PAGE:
See the attachment Essay Example | Topics and Well Written Essays - 2500 words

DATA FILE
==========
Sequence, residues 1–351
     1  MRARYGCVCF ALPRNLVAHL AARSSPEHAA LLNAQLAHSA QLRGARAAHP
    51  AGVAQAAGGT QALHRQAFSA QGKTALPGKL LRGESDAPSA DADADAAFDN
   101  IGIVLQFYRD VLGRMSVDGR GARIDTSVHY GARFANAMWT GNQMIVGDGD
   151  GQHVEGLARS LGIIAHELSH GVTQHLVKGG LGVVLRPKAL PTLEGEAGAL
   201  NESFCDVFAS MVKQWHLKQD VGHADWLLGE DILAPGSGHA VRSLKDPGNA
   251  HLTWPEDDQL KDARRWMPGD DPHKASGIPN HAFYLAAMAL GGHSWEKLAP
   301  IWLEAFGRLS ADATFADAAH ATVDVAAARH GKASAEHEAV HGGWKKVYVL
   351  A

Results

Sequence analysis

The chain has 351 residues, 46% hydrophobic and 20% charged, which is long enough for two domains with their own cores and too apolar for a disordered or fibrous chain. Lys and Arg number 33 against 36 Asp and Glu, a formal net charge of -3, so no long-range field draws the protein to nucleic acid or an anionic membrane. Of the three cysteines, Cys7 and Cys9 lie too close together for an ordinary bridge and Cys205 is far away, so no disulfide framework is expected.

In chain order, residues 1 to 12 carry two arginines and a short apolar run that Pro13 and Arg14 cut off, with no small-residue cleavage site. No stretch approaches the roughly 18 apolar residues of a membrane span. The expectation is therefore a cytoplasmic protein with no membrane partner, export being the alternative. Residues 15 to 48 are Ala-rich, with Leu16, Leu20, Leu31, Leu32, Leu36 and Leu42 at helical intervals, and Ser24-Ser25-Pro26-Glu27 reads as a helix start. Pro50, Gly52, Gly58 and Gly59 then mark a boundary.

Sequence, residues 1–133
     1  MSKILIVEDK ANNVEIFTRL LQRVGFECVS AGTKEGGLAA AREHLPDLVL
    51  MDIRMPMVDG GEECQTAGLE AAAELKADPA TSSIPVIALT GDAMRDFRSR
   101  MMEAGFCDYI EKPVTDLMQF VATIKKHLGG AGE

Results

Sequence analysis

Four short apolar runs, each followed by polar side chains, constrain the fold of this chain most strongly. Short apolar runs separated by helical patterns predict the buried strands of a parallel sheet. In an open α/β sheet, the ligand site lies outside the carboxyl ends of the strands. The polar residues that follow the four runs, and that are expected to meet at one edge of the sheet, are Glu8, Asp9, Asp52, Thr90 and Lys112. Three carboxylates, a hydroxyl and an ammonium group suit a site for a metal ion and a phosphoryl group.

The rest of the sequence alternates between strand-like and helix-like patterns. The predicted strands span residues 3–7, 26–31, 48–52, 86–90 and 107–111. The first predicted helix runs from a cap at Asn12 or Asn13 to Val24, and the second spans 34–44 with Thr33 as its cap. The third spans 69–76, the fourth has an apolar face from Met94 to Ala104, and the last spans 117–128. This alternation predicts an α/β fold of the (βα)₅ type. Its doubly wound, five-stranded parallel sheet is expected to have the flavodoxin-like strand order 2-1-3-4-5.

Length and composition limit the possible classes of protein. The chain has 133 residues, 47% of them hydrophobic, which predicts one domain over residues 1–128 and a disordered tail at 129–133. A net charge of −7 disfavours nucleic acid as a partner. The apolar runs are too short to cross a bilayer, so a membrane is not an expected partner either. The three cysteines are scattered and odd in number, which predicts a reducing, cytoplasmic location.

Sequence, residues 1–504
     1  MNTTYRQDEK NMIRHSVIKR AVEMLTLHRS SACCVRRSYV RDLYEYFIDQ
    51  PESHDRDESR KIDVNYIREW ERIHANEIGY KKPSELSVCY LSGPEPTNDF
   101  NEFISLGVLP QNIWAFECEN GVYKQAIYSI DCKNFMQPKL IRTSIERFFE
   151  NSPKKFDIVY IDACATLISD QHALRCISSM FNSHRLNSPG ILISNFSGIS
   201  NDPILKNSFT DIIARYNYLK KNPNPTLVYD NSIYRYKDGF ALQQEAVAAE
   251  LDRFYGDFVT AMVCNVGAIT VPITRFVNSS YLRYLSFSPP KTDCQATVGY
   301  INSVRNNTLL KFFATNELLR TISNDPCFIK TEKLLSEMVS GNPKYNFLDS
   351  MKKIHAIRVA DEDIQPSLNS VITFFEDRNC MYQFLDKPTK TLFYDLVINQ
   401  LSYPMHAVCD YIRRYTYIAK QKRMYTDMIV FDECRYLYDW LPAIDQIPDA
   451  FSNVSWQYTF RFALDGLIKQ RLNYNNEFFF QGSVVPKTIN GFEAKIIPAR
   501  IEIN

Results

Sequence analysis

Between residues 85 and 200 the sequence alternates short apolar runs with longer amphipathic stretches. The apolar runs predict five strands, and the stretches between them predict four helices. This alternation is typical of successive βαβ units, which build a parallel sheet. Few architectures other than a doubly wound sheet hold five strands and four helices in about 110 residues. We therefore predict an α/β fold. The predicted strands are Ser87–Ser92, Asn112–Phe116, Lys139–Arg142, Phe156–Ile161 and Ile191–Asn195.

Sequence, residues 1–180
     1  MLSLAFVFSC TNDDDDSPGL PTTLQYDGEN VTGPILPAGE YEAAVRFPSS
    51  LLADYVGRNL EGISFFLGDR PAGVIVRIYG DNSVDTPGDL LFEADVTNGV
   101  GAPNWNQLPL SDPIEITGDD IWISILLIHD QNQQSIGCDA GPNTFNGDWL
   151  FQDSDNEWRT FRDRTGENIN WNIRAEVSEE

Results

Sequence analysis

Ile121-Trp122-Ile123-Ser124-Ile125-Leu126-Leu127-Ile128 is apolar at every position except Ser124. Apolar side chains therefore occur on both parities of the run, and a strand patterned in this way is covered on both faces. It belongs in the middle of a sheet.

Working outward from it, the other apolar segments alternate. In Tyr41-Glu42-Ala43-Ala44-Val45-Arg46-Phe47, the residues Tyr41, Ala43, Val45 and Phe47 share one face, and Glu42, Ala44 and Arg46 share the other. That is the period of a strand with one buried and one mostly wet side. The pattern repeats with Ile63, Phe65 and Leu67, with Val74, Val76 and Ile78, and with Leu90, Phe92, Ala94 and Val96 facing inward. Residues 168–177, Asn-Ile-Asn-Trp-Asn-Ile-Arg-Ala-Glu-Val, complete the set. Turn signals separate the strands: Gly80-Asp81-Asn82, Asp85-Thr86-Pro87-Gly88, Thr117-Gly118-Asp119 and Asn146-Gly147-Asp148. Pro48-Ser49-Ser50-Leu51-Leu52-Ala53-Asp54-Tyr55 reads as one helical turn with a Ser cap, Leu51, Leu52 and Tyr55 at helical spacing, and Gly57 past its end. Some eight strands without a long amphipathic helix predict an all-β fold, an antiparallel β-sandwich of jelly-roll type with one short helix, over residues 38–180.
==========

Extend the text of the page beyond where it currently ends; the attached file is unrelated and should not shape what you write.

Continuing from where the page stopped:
See the attachment - Essay Example Or it could be said that it comprises of certain rules which we have to dutifully obey in order to live with a peaceful heart and soul. It is a complete system provided from some super human source totally unlike mankind. It is also the belief of sharing positive humanitarian experiences with every individual we interact with. So the basic ideology behind the concept of adopting any particular belief or religion for any normal person is to adjust ourselves harmoniously and also to achieve our own well-being by following any particular system of rules. Religion not only is the divine word from God, but it also is a definite set of persuasive ways for living life the way it is best suited for us humans. Science could best be understood in the words of Benjamin Farrington â€Å"Science is the system of behavior by which man has acquired mastery of his environment. It has its origins in techniques†¦.in various activities by which man keep body and soul together. Its source is exper ience, its aim practical, its only test, that it works.† (Grant). This essay is aimed at proving that science and religion are not conflicting with each other rather scientific findings and discoveries are supported in religion as well. History has seen many scholars debate and argue over the point that whether religion is in accordance with science or not. This issue heated up with the advent of prominent discoveries in the field of science and the relationship between the divine and the factuality was always considered at war. Andrew Dickson White’s â€Å"A History of the warfare of Science with theology in Chrishtendon† is an unavoidable example in this respect where he tried to lay the understanding of religion and science’s interaction. But his approach has been of a contradictory one. Immanuel Kant provided a completely different theory in this regard and believed that science and religion may no conflict but cater to opposite aspects of mankind. Sci ence is involved with natural processes while religion provides inner solace. Then only recently the relation between science and religion has gained some positive and substantial relation. The most important example in this regard would be of Stephen Jay Gould, who in his book â€Å"Rock of Ages: Science and Religion in the Fullness of Life† (1999) wrote â€Å"I†¦. do not understand why the two enterprises should experience any conflict. Science tries to document the factual character of the natural world and to develop theories that coordinate and explain these facts. Religion on the other hand, operates in the equally important, but utterly different realm of human purposes, meanings and values.† (Doumit) As this research based essay is an attempt to assess a particular religion with its relevance to the modern contemporary era of scientific researches and technology. It becomes integral to select some particular divine system for advancing in this research. Th ere is one little complication though which arose in my mind, that the selected religious system should be involving every particular aspect of normal daily human and social life. Only then a complete analysis can be made and a conclusion could be reached. So, after studying many different religious beliefs being adopted worldwide it is the Islamic system for humanity which I could find the closest to meet my research demands. The world Islam originated from Arabic word â€Å"